SAN FRANCISCO, Oct. 16 – U.S. Sen. Bernie Sanders (I-Vt.) is stepping into a battle in Richmond, California, where the oil giant Chevron has sunk at least $3 million into a municipal election that pits anti-Chevron candidates for mayor and city council against candidates backed by the owner of a giant petroleum refinery in the Bay Area city.
“Chevron is trying to buy the Richmond City Hall. We can’t let them get away with it,” Sanders said. “This is not what democracy is supposed to be about.”
One of Chevron’s prime targets is the current mayor, Gayle McLaughlin, an oil company critic who is running for a seat on the city council. Sanders will appear with her and other progressive city council members at a town meeting tonight at the Richmond Memorial Auditorium.
Chevron is able to spend millions of dollars to try to displace McLaughlin and her allies on the city council with company-friendly candidates because of a 2010 Supreme Court ruling that voided decades-old laws against corporate campaign spending.
“Three million dollars may sound like a lot of money, but to Chevron it’s nothing. Over the past decade Chevron has made more than $200 billion in profits ripping off Americans at the gas pump, even as it has paid hundreds of millions in fines for polluting the air we breathe, the water we drink, violating health and safety laws and evading taxes. We cannot allow a company like Chevron that has thumbed its nose at the law to buy politicians,” Sanders said.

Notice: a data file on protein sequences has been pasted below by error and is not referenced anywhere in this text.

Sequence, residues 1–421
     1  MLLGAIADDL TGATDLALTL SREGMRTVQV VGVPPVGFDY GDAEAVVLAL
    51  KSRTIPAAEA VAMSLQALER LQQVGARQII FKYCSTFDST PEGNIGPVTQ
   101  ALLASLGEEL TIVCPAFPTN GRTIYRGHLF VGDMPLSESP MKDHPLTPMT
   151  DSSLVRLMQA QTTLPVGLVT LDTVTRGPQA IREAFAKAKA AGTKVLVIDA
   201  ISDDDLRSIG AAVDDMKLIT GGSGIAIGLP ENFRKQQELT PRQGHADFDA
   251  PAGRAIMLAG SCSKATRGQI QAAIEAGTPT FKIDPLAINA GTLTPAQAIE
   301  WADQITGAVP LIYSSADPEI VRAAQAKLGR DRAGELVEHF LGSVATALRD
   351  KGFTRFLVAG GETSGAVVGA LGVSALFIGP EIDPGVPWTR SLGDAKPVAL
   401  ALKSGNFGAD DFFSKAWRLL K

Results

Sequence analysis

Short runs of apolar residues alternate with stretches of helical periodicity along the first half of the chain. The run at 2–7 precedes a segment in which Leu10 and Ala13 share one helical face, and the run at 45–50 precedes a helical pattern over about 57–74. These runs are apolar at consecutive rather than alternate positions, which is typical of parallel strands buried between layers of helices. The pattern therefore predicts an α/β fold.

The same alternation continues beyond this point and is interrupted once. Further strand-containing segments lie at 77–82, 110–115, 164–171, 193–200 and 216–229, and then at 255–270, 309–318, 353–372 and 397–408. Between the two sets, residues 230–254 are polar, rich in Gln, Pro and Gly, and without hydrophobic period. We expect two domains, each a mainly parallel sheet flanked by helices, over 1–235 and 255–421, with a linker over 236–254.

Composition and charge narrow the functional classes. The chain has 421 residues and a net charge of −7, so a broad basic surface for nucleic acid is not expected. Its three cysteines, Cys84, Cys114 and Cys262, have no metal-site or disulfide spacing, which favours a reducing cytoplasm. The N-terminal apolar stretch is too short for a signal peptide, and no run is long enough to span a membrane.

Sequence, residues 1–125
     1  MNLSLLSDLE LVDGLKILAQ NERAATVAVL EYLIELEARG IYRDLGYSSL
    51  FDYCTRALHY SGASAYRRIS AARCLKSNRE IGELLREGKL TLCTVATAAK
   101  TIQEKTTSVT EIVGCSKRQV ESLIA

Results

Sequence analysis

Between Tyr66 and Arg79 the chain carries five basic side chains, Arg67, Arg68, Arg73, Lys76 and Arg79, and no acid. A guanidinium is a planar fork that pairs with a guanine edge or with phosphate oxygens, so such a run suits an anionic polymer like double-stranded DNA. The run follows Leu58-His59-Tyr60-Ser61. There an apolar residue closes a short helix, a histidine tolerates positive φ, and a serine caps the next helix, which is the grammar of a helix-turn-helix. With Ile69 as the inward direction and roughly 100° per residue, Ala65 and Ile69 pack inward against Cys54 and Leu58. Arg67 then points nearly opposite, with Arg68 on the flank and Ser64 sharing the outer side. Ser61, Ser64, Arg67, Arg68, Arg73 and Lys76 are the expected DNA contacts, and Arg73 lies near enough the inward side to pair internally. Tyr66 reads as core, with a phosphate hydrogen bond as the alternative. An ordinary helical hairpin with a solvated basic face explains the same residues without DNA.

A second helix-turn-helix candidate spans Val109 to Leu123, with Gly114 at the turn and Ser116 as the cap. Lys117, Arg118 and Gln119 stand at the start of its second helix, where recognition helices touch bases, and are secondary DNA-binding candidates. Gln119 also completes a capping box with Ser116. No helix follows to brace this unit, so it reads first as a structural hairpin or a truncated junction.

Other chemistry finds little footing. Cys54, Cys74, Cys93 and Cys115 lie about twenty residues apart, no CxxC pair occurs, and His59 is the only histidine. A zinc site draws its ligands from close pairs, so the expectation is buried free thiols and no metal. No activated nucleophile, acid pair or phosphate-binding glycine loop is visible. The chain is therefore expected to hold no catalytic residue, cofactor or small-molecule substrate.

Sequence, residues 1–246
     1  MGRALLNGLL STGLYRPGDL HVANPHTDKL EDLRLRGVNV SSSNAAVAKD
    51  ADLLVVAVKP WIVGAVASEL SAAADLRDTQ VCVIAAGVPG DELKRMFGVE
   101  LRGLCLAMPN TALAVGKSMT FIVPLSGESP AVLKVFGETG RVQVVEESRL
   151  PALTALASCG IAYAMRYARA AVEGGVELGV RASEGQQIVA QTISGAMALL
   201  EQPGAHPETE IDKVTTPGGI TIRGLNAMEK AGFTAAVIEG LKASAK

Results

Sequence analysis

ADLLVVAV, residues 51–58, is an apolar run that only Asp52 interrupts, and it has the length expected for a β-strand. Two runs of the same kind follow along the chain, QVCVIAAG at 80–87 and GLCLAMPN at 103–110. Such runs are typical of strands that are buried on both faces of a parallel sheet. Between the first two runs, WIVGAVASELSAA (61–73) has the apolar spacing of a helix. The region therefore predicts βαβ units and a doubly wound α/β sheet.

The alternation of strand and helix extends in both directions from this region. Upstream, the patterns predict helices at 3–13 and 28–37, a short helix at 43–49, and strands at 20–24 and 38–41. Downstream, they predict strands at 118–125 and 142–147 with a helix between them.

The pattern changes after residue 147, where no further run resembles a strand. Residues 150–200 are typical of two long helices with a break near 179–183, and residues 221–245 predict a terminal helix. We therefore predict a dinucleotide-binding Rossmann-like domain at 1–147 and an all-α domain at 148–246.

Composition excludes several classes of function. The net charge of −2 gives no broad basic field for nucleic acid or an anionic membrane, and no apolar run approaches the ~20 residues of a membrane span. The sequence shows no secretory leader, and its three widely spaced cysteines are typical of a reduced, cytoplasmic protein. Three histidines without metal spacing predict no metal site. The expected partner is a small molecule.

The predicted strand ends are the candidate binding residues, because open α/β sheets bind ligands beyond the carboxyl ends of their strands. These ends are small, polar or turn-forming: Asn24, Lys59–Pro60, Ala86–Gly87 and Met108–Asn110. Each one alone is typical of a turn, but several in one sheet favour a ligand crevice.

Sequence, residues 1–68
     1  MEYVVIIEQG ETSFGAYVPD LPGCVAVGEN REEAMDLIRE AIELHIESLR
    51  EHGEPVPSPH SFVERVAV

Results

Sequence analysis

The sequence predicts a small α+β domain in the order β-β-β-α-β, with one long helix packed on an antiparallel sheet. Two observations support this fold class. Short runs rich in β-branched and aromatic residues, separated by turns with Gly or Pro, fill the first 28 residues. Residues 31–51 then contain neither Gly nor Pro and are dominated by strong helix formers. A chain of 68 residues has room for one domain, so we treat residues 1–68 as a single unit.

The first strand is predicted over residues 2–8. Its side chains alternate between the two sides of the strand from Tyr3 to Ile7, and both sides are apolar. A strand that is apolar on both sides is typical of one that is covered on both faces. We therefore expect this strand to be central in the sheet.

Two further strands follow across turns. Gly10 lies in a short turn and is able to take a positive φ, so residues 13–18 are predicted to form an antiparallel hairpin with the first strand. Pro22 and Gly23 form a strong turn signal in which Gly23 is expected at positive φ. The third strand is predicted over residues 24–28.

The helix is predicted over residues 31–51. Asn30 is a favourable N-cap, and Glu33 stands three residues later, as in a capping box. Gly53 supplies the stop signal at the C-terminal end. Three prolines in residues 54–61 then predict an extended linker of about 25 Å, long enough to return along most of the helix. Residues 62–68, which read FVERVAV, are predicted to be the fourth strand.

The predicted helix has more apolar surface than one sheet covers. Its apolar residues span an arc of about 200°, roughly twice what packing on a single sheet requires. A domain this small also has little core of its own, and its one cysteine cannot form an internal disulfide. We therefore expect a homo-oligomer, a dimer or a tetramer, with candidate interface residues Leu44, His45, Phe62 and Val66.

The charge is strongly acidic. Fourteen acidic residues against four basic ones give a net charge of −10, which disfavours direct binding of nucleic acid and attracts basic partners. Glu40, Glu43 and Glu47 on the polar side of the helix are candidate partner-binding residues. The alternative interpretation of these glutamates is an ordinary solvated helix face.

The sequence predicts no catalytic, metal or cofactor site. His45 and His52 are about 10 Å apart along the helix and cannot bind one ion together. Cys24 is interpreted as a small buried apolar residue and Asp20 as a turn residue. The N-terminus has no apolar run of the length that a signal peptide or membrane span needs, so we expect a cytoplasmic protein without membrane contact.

Sanders is a co-sponsor of a constitutional amendment that would undo the decision in Citizens United v. Federal Election Commission. Senate Republicans on Sept. 11 blocked consideration of the amendment.
Chevron’s campaign in California is a vivid example of how the Supreme Court has corrupted the electoral process in the United States by letting corporations and billionaires spend unlimited sums to sway elections. Nationwide, the billionaire brothers Charles and David Koch are funneling hundreds of millions into campaigns and candidates who would shower the wealthy with more tax breaks while cutting programs that help working families.
In Richmond, Sanders renewed his call for voters to go to the polls on Nov. 4. He said elections in non-presidential election years often see turnouts of fewer than 40 percent of eligible voters. “We are not living in a democracy when 60 percent of Americans are not voting, while billionaires like the Koch Brothers are spending hundreds of millions to buy the United States Senate. We are not living in a democracy when giant corporations like Chevron can buy local governments. That's called oligarchy, not democracy. We have got to fight back,” Sanders said.